Thursday, September 6, 2012

1969 Topps Super Baseball #5, Carl Yastrzemski

This week in 1983, Carl Yastrzemski hit his final career homer, a 2-run shot off Cleveland's Rick Sutcliffe. The Red Sox chased Sutcliffe from the game early, but--as with so many of that year's contests--let their lead slip away and lost 8-6. Boston finished a mediocre 6th in the division, as Cal Ripken and Eddie Murray powered Baltimore to both AL East and World Series titles.

Thanks to 23 years (!) in Boston, Yaz holds the games record for one-franchise players (3308) and is second all-time to Pete Rose (3562).

Today's post has special relevance to modern sets as the progenitor of glossy, high-quality photos on thicker, better-than-cardboard stock. Topps turned 1960s printing technology advances into a multitude of limited-run "test issues," creations similar to those published as inserts and parallels today. (More about these "tests" at My own #5 lost some paper from the front--I buy affordable--but still stands out as a sharp picture and distinctive design for its era.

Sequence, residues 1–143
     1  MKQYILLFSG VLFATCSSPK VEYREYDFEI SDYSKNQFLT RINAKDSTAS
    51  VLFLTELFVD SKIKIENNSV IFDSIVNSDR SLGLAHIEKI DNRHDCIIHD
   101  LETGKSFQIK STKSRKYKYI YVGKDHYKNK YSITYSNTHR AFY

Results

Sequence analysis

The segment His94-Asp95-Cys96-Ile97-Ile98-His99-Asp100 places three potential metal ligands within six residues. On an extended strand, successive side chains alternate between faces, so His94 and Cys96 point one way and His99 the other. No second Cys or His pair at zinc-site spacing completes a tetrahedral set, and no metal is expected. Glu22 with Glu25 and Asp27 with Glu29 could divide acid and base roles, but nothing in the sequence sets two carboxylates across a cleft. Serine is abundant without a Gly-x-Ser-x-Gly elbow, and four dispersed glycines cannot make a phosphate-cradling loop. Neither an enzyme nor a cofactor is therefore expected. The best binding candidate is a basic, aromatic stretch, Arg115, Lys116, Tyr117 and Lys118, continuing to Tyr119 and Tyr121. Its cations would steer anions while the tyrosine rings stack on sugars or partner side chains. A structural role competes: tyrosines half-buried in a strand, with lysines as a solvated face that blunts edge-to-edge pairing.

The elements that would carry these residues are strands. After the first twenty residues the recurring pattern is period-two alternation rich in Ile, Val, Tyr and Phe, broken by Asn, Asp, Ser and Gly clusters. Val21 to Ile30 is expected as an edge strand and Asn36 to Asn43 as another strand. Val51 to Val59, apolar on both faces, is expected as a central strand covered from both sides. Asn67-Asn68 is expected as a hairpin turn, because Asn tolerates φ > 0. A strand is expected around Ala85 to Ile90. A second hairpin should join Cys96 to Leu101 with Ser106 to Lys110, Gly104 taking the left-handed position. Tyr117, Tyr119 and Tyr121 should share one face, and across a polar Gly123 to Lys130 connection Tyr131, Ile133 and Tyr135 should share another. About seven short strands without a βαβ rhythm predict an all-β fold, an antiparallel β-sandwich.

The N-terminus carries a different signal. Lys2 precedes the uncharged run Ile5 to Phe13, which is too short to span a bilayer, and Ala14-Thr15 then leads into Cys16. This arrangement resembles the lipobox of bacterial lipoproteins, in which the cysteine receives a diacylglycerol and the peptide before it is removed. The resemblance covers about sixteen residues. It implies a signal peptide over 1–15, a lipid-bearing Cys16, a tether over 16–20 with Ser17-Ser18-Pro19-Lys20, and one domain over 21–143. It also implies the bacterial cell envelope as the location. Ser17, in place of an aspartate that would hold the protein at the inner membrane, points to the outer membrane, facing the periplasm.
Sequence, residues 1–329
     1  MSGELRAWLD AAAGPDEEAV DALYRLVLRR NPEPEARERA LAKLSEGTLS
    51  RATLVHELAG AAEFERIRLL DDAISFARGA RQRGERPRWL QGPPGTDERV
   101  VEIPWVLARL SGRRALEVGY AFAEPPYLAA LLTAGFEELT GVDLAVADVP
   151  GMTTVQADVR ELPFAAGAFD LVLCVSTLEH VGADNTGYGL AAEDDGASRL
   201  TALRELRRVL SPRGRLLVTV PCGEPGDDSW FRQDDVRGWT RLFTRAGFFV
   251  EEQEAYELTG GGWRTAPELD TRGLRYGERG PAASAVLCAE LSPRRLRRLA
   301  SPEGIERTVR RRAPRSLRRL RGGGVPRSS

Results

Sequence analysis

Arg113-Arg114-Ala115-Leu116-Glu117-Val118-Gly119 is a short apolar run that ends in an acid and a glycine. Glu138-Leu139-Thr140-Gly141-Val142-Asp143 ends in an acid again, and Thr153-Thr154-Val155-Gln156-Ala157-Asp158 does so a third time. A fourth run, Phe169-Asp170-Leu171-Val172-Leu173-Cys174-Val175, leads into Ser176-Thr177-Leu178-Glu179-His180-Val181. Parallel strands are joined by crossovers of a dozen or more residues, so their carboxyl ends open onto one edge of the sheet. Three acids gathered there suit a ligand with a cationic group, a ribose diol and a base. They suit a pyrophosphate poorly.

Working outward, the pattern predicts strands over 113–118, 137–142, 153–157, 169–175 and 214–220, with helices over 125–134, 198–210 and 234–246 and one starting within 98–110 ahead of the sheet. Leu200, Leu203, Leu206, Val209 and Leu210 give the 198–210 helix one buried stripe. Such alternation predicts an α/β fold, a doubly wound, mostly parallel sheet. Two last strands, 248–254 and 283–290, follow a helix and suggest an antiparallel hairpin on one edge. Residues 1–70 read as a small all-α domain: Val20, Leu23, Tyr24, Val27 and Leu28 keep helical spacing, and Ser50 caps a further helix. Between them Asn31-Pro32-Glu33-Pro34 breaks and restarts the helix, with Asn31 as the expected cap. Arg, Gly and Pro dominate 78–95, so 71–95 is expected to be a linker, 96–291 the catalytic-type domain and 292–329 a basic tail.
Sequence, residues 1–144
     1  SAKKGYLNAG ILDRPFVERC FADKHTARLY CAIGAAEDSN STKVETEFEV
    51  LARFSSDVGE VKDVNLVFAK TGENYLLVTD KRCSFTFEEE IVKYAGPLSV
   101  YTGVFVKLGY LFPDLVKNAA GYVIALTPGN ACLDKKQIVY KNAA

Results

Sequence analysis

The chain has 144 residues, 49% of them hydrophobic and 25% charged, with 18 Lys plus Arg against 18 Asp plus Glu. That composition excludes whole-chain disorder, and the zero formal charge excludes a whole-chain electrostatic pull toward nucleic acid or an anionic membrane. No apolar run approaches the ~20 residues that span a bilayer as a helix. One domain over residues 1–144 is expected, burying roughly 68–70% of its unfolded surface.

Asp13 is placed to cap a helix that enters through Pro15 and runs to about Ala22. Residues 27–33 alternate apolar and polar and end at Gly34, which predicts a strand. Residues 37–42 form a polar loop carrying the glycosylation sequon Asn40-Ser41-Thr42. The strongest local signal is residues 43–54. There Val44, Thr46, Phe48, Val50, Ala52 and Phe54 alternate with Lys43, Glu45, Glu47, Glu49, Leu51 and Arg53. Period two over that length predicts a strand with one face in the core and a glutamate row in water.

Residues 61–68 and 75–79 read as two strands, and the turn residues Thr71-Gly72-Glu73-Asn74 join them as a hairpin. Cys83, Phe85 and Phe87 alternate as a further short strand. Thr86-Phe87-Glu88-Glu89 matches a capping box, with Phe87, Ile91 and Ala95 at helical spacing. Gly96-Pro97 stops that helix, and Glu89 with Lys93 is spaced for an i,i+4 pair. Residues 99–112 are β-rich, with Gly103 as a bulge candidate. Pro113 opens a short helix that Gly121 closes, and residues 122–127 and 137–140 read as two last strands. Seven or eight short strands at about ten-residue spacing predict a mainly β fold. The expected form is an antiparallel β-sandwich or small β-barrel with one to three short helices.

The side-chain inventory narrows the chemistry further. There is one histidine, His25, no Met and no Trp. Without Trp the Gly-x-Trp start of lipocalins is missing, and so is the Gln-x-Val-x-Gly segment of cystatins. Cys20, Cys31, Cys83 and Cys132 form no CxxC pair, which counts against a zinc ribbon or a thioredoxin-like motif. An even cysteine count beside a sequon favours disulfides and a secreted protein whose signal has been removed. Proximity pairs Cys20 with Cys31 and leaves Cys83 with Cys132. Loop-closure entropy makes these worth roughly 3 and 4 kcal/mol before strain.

Topps editors pulled out all the stops in 1969, shipping 8 different sets to some part of North America.

Looking to catch all 66 Super cards? It's possible for patient collectors who can invest $1000+ in a set. I've been working on a low-grade version for 8+ years and need about 10 more, mostly HOFers. Set your sights on the star-filled checklist, if you feel lucky.

Value: Super Baseball's sharp look and limited availability make it pricy to modern collectors. This Yaz was $50, even with paper missing. Lesser-known players run $10-20 in low grade, but superstars like Clemente and Mantle cost hundreds more.

Fakes / reprints: Haven't seen any in the marketplace, in part because many dealers slab all of their Supers, which would (hopefully) catch the bad ones.

Type collection count: This post marks #700 on the blog; thanks to all who've read this far. Only 14 away from Babe Ruth!


night owl said...

Nice card and congrats on #700!!!

Make sure you celebrate when you hit #756, too. (No need to celebrate for #763).

Matthew Glidden said...

Thanks, will remember to! (And not to. :-)